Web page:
Scanning softwares (Silverfast 8, Epson scan) – Use it or not is entirely up to the workflow.

Whenever I have new developed film to scan, I would quickly fire up the Epson scan software that came bundled with my Epson V700, never giving another thought to it and proceed to scan my film.

Occasionally though I find myself thinking of using the other software that came bundled with the scanner as well – Silverfast 8 (actually, it was Silverfast 7, I was given a free upgrade to it when they offered a limited time upgrade for their bundled Silverfast 7). It is not that I haven’t tried it, but every time I have, the results were less than I had hoped.

Disclaimer: This is not a exhaustive review of Silverfast 8 – this is just to show why my film scanning workflow is setup to still use Epson scan instead of Silverfast. I know of many others online who have mastered Silverfast, and I do hope to eventually learn how to use Silverfast. 

If I was able to master Silverfast, it would streamline or reduce one step of my current work flow – photoshopping the scan results. I try not to do this often, but it is sometimes needed especially the work flow I have developed since buying film scanners.

Silverfast 8

Silverfast is considered the ultimate in film scanning software – the optimus toolkit if you will. It offers every possible control imaginable in the world of digitising film. That is where the problem comes in, it offers too many options and you find yourself quickly buried in choices, selection, settings, profiles, times of sharp masking, and etc. Where in Epson scan, it has only limited number of controls (levels, colors, sharpness, Digital ICE and etc) followed by a big button labeled “scan” – resulting a in a more streamline process.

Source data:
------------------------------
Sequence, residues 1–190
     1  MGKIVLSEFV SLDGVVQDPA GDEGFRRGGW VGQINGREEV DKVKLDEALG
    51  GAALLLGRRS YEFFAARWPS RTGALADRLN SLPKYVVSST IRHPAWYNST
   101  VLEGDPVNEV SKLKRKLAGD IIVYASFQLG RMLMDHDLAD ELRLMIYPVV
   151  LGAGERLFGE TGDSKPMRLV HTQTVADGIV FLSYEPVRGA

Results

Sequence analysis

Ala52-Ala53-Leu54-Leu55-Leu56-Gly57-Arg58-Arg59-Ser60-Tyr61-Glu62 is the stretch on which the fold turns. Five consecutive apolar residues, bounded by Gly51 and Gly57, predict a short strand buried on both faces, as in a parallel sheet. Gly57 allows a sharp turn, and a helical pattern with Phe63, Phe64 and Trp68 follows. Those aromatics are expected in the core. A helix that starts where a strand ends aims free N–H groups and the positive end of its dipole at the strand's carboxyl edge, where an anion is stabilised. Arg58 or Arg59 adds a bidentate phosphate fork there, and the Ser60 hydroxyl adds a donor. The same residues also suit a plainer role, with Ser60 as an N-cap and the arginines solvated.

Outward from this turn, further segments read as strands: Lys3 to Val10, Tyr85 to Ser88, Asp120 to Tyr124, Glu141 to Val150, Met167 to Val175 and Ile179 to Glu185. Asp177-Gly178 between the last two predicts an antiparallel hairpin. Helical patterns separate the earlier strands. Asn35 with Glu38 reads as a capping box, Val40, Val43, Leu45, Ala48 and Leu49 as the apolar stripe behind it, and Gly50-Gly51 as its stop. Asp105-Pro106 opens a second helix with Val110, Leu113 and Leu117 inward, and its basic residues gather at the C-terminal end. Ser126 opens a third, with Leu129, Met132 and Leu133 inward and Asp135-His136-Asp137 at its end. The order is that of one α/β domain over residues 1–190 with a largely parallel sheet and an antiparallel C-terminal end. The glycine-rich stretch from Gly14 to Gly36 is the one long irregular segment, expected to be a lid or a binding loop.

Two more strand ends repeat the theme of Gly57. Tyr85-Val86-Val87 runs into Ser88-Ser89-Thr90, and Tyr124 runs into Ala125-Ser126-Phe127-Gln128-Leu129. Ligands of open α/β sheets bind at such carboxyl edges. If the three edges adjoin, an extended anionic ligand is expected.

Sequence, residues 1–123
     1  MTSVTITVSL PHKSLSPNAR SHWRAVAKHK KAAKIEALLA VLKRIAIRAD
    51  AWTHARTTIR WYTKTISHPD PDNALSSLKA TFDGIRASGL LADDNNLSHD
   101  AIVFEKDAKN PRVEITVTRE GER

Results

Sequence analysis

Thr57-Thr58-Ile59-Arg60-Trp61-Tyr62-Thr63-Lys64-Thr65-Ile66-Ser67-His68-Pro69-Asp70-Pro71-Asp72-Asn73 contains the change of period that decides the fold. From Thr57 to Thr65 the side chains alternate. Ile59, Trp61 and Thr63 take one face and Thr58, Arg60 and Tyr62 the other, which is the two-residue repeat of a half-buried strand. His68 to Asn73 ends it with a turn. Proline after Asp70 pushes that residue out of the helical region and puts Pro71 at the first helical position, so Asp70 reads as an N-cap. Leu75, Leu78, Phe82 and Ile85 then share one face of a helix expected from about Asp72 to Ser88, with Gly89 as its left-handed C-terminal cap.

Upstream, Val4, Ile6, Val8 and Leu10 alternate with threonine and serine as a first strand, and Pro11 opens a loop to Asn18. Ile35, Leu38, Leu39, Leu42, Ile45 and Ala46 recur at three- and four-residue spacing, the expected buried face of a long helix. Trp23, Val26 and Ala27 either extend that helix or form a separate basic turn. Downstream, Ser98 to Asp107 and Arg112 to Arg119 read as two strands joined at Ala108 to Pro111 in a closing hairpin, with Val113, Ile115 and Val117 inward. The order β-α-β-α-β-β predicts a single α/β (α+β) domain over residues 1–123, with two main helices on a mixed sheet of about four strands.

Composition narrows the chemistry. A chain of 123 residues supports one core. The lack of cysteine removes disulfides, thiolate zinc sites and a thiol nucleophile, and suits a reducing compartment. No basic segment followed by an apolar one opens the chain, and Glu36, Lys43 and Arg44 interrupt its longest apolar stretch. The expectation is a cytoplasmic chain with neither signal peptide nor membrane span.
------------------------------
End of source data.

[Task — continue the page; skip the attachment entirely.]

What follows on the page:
Maybe I am looking at this in the wrong way, I am after all a software engineer and should thrived when given a wide range of selection, but sometimes too many options can cause the opposite to happen since it overwhelms the amount of work needed. In the end, I find myself just using the Epson scan.

Here are some examples,

Here is one using Silverfast 8, spent 30 minutes or so just tinkering with the settings for this one photo. It’s obvious with many of the controls offered by Silverfast (it offers even profile film presets especially for Kodak Portra 160, but still required some additional tweaking), colour cast is still apparent even when using the film presets and the face is slight overexposed even reducing contrast did little help. It should be noted, no post processing was done for this photo.

Scanning using Epson Scan, setting contrast low to capture all the details especially in the shadows – whenever scanning film always try to capture every bit of details. Most of the work actually comes in the post-processing phase. Here you can see some issues with the resultant scan, colours is dull, under exposure and dust issue.

Hopefully, through through using Silverfast, I can skip the post processing step which can take a bit of time, but as you can see in the following, sometimes the post-processing phase .

Here is a shot of the Epson scan after the post-processing phase.

With almost all the details captured, editing the photo is now much easier. First I removed the dust spot from the eye along with other dust spots, sharpness and increased contrast along with colour saturation. Removed a slight color cast – the results are a better reproduction of what I wanted to capture. Just wish I didn’t have to do so much post-processing work

Maybe I have to much high hopes for Silverfast, thinking it is the “be all, end all” solution for film scanning. That if I could master it, I wouldn’t need to do anymore photoshopping and just scanning would automatically produced the finished artwork envisioned when I took the photo. I should instead use it is like any tool to help me grab all the details needed and shouldn’t be expected to provide a finished product.

Even photos printed in the darkroom (both digital and analog) had been touched up  and pro lab also  touch up photos after scanning (or downloaded from DSLR)  before printing the final result.

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